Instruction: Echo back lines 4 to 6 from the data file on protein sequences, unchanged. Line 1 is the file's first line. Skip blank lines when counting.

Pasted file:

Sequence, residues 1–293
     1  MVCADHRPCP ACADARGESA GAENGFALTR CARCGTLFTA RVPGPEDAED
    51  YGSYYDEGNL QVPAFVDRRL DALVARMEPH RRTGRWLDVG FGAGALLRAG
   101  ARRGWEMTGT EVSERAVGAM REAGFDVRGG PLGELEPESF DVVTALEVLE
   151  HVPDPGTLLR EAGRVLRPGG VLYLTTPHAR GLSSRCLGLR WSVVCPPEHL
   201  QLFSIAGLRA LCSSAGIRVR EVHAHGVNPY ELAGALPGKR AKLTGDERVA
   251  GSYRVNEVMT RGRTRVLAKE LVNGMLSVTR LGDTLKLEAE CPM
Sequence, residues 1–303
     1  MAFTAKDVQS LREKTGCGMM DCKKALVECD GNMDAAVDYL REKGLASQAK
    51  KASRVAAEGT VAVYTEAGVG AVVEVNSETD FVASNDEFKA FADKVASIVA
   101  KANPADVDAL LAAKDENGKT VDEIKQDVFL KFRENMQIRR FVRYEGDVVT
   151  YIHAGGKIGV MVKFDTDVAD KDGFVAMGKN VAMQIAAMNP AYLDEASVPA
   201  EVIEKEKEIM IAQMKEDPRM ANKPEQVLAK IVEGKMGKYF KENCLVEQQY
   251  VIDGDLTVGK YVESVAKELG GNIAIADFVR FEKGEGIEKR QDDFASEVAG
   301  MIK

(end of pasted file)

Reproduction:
   101  ARRGWEMTGT EVSERAVGAM REAGFDVRGG PLGELEPESF DVVTALEVLE
   151  HVPDPGTLLR EAGRVLRPGG VLYLTTPHAR GLSSRCLGLR WSVVCPPEHL
   201  QLFSIAGLRA LCSSAGIRVR EVHAHGVNPY ELAGALPGKR AKLTGDERVA